The Shroud on Special Ed
Why are costs rising while the number of students decreases?
With special ed comprising more than 20 percent of education spending, and 40 percent of new funding going to special ed since 1996, there needs to be more clarity about how and where this money is being spent, according to Shifting Trends in Special Education, a new report from the Thomas B. Fordham Institute. The report found a wide variance in how states have classified special education students over the past decade, as well as the number of personnel states report employing to work with these students.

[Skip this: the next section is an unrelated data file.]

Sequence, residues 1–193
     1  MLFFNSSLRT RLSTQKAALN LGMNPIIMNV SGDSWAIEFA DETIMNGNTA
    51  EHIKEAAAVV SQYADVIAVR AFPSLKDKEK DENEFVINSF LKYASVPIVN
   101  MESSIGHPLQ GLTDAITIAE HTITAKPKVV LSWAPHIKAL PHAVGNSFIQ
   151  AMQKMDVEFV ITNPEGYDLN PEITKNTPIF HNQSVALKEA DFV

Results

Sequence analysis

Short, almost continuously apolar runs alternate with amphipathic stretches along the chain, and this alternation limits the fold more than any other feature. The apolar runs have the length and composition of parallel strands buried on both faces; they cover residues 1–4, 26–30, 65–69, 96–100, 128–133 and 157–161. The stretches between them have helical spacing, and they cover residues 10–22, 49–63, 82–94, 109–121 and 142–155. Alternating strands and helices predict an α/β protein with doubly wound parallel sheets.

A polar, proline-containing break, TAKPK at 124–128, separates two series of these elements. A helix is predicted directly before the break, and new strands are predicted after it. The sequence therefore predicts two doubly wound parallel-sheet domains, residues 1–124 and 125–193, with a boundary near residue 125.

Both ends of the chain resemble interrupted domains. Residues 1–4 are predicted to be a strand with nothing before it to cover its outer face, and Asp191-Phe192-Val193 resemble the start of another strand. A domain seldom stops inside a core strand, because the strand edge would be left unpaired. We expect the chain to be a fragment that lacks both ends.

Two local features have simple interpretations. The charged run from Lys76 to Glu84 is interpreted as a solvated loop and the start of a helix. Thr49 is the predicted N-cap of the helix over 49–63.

For instance, while nationally, the number of special ed students has declined since 2004-05, 27 states have actually seen an increase in the percentage of students designated as special ed. New Hampshire reports a ratio of 320 special ed professionals per 1,000 students, while Mississippi claims a much smaller 38. The study's authors say more data is needed to explain these disparities, as well as the national decrease in special ed students, specifically the decrease in students designated with specific learning disabilities. The Fordham Institute researchers surmise that this particular decrease may be owed to the increase in autism diagnoses and the rise of RTI (Response to Intervention), but also note that the category of specific learning disabilities is difficult to define and therefore the most prone to human error. "America needs to approach special education with greater creativity and flexibility," the report concludes. "Instead of engaging in polarizing discussions about whether to mainstream students versus serve them in pull-out settings ... let's focus on how to differentiate learning for all students."